New workshop opportunity – Reframing Digital Preservation Through An Anti-Racist Lens

Reframing Digital Preservation Through An Anti-Racist Lens

Virtual Workshop

Friday, January 28th, 2022

1pm-4pm EST

Applications are now openapply today!

As digital preservation and curation practices reach operational maturity among cultural heritage institutions, discussion about anti-racism and digital preservation seems to be at its nascent stages. From the systems archivists use to capture content for long-term care, to the ways we provide access to born-digital materials, digital preservation practices when left unchecked can replicate the same harms witnessed in the physical realm. What are some practical ways archivists can apply anti-racist frameworks to digital preservation activities and approaches? 

This three-hour workshop is designed to provide an understanding of how white supremacy underpins library and archive systems and practices and offers an introduction to anti-racist frameworks and practices as better practices to digital preservation work. Attendees will learn about current projects, related literature, and case studies in the field.

This workshop is ideal for all who acquire, maintain, or provide access to born-digital and digitized archival materials.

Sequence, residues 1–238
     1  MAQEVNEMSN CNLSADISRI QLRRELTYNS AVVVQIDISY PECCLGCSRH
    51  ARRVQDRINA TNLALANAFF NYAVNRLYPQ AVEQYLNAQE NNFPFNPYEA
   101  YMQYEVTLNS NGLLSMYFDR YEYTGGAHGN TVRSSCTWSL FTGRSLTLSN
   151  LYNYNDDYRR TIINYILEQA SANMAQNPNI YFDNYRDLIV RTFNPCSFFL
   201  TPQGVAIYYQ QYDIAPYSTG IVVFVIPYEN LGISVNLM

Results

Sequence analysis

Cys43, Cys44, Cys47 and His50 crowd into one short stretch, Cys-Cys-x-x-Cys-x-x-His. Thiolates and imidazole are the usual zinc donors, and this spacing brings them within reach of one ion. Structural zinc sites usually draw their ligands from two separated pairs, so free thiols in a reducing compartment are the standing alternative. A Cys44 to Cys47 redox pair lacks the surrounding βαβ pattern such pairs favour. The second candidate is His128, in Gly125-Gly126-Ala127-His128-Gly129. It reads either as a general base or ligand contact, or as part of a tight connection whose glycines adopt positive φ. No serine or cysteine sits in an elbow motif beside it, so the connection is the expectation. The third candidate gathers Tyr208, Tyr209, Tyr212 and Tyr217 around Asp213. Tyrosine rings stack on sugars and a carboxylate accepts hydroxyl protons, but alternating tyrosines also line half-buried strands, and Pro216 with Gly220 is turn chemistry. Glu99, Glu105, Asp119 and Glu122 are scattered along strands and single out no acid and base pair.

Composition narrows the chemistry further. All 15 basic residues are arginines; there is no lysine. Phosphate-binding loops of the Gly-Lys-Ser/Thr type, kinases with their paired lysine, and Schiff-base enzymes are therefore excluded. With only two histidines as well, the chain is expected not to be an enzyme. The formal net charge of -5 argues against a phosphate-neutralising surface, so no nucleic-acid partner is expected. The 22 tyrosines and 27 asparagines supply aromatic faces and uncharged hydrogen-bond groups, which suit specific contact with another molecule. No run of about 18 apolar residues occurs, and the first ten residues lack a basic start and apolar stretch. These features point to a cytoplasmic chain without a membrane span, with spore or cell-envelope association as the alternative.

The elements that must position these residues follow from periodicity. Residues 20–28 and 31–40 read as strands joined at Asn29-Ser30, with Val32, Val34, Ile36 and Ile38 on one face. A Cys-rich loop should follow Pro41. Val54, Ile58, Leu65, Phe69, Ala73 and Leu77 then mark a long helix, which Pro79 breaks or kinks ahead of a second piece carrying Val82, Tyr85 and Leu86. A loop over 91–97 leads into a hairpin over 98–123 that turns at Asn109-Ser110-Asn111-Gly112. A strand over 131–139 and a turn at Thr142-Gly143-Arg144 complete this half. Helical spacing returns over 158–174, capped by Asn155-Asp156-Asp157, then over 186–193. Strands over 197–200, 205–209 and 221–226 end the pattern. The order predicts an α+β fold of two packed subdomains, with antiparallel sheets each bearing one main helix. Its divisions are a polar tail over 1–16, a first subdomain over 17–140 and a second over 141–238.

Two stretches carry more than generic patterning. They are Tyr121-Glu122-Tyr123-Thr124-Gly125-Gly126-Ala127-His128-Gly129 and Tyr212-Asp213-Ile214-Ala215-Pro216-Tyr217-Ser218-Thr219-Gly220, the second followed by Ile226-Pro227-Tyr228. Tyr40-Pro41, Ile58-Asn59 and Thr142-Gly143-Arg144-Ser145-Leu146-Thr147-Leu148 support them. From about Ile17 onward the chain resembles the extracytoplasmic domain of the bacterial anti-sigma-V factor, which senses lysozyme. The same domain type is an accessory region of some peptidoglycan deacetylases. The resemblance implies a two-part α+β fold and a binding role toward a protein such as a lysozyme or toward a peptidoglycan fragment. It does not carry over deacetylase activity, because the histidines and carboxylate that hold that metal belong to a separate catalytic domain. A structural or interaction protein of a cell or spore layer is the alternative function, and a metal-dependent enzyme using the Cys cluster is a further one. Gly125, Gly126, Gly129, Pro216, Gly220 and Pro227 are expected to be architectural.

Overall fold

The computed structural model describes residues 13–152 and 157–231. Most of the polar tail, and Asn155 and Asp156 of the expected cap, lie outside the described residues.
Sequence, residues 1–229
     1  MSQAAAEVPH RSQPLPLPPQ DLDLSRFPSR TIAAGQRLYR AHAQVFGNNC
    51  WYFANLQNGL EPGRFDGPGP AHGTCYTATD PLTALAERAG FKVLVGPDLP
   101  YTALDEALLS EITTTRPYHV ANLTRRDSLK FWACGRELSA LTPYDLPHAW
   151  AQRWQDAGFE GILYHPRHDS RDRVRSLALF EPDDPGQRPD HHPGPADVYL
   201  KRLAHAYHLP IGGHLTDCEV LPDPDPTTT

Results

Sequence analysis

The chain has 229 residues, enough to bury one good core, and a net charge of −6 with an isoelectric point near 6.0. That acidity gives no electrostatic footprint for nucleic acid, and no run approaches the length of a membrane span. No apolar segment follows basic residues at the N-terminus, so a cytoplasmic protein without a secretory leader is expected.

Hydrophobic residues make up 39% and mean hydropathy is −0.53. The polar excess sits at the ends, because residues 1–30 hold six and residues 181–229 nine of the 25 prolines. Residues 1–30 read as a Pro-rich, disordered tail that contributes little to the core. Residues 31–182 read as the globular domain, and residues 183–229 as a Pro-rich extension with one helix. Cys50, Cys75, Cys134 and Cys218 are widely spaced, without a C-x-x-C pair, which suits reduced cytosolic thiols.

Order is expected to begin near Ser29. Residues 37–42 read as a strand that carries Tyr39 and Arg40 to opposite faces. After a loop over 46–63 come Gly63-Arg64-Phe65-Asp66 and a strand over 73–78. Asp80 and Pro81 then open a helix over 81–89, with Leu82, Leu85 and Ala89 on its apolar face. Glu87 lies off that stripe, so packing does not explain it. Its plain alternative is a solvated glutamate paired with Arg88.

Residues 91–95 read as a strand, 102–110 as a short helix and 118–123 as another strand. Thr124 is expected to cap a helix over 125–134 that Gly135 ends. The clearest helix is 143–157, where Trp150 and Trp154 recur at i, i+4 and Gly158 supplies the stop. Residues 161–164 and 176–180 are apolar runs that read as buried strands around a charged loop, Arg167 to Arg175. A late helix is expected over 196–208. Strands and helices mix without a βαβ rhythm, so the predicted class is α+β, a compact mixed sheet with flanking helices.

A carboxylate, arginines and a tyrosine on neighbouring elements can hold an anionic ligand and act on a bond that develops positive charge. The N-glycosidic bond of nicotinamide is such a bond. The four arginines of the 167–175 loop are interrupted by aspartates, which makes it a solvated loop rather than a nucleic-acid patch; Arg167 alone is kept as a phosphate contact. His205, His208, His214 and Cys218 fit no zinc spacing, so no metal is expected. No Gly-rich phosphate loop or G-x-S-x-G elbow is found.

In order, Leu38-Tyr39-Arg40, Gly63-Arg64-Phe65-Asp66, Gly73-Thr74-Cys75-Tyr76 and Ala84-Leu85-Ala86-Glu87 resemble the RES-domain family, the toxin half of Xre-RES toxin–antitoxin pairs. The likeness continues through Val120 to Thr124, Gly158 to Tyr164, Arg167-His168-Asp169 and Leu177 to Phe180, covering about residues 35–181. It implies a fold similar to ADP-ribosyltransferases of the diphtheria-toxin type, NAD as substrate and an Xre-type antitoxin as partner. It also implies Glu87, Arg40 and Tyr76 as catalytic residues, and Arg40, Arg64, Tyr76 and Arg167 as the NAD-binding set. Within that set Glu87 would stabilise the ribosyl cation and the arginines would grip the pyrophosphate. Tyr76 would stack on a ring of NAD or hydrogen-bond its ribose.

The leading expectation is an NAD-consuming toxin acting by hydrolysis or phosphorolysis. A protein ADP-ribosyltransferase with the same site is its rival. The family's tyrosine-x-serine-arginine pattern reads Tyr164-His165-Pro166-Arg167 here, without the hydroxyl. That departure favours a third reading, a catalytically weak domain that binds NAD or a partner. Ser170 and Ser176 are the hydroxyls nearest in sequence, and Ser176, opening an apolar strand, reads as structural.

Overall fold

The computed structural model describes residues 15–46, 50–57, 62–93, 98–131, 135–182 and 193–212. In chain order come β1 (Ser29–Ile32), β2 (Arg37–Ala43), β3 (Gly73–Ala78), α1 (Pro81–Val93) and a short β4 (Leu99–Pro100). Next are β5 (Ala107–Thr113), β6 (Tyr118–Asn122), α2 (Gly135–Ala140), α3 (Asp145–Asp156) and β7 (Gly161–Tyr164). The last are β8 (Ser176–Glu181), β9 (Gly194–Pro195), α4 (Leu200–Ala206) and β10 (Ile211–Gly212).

Instructor Bios:

Sofia Leung

Sofia Leung (she/her) is a first-generation Chinese American librarian, facilitator, and educator and the principal of Do Better, Be Better LLC. Her work attempts to center the experiences and knowledges of Black, Indigenous and People of Color. Sofia is a founding editor at up//root: a we here publication and the co-editor of Knowledge Justice: Disrupting Library and Information Studies Through Critical Race Theory (2021). You can find out more about Sofia at her website:

Elvia Arroyo-RamĆ­rez

Elvia Arroyo-RamĆ­rez (she/her) is a queer Latinx daughter of immigrants working in the field of archives. She is the co-editor to an upcoming special issue on ā€œRadical Empathy in Archival Practiceā€ in the Journal for Critical Library and Information Science (JCLIS). Her practice and scholarship are grounded in a feminist ethic of care, and works to expose and repair archival practices rooted in systemic biases that perpetuate harm to BIPOC and other marginalized communities. 

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